By the time Florida had allowed its restaurants, retail shops, and other businesses to reopen on May 4, several new controversies had emerged. On April 29, the Tampa Bay Times reported the state’s medical examiners commission was ordered to stop releasing death count totals because they contradicted the state’s official data. Lawsuits from news organizations poured in as the state refused to tell the public which elder-care facilities had positive coronavirus tests. The Times also published an analysis in collaboration with a researcher from the University of South Florida which estimated that the state’s coronavirus deaths may have been undercounted by as much as 58%.
But Fox hosts and guests continued to praise DeSantis, taking victory laps on his behalf for supposedly halting the crisis without mandatory-mask or restrictive stay-at-home orders, despite evidence that such measures save lives.
- On the May 5 edition of The Five, co-host Jesse Watters cited criticism of DeSantis for not immediately closing beaches in March or issuing a stay-at-home order as evidence of political bias. “The media loves Democrats and the media loves lockdowns,” Watters said. “The same thing with Florida. Gov. DeSantis, he had a pretty liberal beach policy and county by county lockdown approach. They were supposed to be the next New York, big elderly population. Didn't happen. So obviously it's politicized.”
- A few days later, on May 7, Watters praised DeSantis, claiming that “Florida is in great shape” before blaming “very low-income people” in New York for spreading the virus by touching “a lot of handles and doorknobs.”
- On May 10, despite ample evidence to the contrary, Huckabee told Fox & Friends Weekend that states like Florida and Georgia were in better shape to reopen not in spite of their more relaxed stay-at-home orders, but because of them. “So these governors who have managed by saying, ‘Let's not shut everything down too quickly quickly,’ have actually had far better results than the ones who closed the doors, locked the key, and started arresting people for doing such things as getting a haircut or buying seeds to plant tomatoes in their garden.”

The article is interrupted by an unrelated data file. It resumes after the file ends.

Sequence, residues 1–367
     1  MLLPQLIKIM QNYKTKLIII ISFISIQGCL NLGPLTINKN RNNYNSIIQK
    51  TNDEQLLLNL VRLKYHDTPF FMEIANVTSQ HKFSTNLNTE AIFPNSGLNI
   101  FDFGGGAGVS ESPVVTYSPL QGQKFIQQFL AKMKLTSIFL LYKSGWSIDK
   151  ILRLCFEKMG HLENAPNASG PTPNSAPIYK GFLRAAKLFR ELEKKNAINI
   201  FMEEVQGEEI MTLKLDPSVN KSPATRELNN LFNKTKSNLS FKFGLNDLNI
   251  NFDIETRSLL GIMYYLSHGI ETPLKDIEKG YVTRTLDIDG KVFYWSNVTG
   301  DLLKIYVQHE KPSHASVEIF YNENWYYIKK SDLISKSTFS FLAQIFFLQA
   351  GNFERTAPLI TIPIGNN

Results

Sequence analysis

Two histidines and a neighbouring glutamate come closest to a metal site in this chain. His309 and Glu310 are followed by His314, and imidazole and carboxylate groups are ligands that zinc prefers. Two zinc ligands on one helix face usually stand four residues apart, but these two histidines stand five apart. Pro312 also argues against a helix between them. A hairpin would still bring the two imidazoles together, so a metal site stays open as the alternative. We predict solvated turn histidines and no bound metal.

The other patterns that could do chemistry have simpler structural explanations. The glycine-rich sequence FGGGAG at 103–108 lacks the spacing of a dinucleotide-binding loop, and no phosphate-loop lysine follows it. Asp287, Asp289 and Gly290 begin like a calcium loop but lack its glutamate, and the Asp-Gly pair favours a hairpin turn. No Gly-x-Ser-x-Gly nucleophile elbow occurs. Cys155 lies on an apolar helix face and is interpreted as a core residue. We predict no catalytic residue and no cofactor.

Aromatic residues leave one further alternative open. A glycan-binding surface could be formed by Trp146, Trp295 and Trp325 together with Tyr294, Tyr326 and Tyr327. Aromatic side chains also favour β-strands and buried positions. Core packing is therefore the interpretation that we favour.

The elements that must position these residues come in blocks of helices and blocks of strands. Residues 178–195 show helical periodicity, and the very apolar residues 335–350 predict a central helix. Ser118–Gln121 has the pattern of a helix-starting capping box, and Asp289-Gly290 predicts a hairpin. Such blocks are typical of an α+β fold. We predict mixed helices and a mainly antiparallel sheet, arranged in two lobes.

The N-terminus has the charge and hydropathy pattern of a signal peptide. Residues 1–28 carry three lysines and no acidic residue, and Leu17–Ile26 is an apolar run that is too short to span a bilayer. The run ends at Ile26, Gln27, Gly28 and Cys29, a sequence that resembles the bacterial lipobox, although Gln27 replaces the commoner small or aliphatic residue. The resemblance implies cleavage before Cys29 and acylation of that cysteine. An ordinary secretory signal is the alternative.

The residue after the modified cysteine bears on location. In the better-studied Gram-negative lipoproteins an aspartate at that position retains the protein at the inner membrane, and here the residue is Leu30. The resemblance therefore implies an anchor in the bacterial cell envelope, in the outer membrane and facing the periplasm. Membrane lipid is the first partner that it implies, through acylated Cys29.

- In an interview on the May 14 edition of Fox & Friends, as coronavirus cases skyrocketed in elder-care facilities across Florida, co-host Brian Kilmeade congratulated DeSantis for his success. “You took a risk, you were out on a limb, and it's paying off and the people of Florida, I'm sure, are grateful for it.”
Fox News spun the firing of a state data scientist
On May 18, the Florida Department of Health fired Rebekah Jones, a data analyst who helped create the state’s much-applauded coronavirus data portal. After leaving her post, Jones claimed that she had been pressured by officials at the Florida Department of Health to manually edit coronavirus testing data to show that more counties met the state’s reopening criteria. A few days later, during a visit to Walt Disney World with Vice President Mike Pence to discuss tourism, DeSantis lashed out at reporters when asked about Jones’ firing.
“Our data is available, our data is transparent. In fact, [White House coronavirus task force member Dr. Deborah] Birx has talked multiple times about how Florida has the absolute best data,” DeSantis said. He added that “any insinuation otherwise is just typical partisan narrative trying to be spun.”
DeSantis’ confrontational moment circulated on Fox, but it was presented with almost no context.
On May 20, Fox “news”-side anchor Martha MacCallum commented, “That’s impressive,” after playing a clip of DeSantis touting his coronavirus record during the presser. MacCallum’s guest, Fox contributor Guy Benson, used the segment to point out how unfairly he thought DeSantis had been covered by media outlets and to cheer on his outrage. The media “were giving very critical coverage to Florida, very accusatory coverage down in Florida, and if you look at actual results and outcomes, Florida got it right and I feel like we saw Desantis take some umbrage today and I think that was deserved.”
During his May 20 Fox show, Hannity introduced selective cuts from DeSantis’ tirade, with a pointed message for the governor’s critics: “The mob and the media, by the way, you owe Gov. DeSantis a huge apology because you accused him of wanting to kill grandma because he opened Florida’s beaches.”
On May 21, Fox & Friends co-host Ainsley Earhardt cheered on DeSantis for lashing out at the media. “Good for him,” she said. “He's just trying to get people back to work.” Earhardt then played a clip from media reporter Joe Concha of The Hill explaining how Florida, Texas, Georgia, and Colorado were “road maps” to balancing public health concerns with reopening the economy.